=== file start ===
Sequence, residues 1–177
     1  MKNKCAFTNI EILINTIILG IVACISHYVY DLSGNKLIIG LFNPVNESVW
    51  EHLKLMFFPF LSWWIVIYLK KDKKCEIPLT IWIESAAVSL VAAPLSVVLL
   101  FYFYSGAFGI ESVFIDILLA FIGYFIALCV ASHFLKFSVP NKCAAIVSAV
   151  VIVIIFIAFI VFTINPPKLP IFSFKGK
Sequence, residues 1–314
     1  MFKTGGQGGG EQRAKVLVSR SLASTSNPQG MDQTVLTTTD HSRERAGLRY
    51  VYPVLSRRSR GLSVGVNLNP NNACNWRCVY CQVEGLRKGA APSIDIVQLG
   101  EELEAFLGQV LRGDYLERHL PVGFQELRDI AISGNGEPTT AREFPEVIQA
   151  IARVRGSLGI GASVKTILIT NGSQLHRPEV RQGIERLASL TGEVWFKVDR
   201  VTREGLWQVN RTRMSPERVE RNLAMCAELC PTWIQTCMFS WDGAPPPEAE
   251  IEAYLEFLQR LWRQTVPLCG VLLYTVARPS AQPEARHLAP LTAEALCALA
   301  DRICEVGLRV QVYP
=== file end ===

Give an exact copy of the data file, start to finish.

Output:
Sequence, residues 1–177
     1  MKNKCAFTNI EILINTIILG IVACISHYVY DLSGNKLIIG LFNPVNESVW
    51  EHLKLMFFPF LSWWIVIYLK KDKKCEIPLT IWIESAAVSL VAAPLSVVLL
   101  FYFYSGAFGI ESVFIDILLA FIGYFIALCV ASHFLKFSVP NKCAAIVSAV
   151  VIVIIFIAFI VFTINPPKLP IFSFKGK
Sequence, residues 1–314
     1  MFKTGGQGGG EQRAKVLVSR SLASTSNPQG MDQTVLTTTD HSRERAGLRY
    51  VYPVLSRRSR GLSVGVNLNP NNACNWRCVY CQVEGLRKGA APSIDIVQLG
   101  EELEAFLGQV LRGDYLERHL PVGFQELRDI AISGNGEPTT AREFPEVIQA
   151  IARVRGSLGI GASVKTILIT NGSQLHRPEV RQGIERLASL TGEVWFKVDR
   201  VTREGLWQVN RTRMSPERVE RNLAMCAELC PTWIQTCMFS WDGAPPPEAE
   251  IEAYLEFLQR LWRQTVPLCG VLLYTVARPS AQPEARHLAP LTAEALCALA
   301  DRICEVGLRV QVYP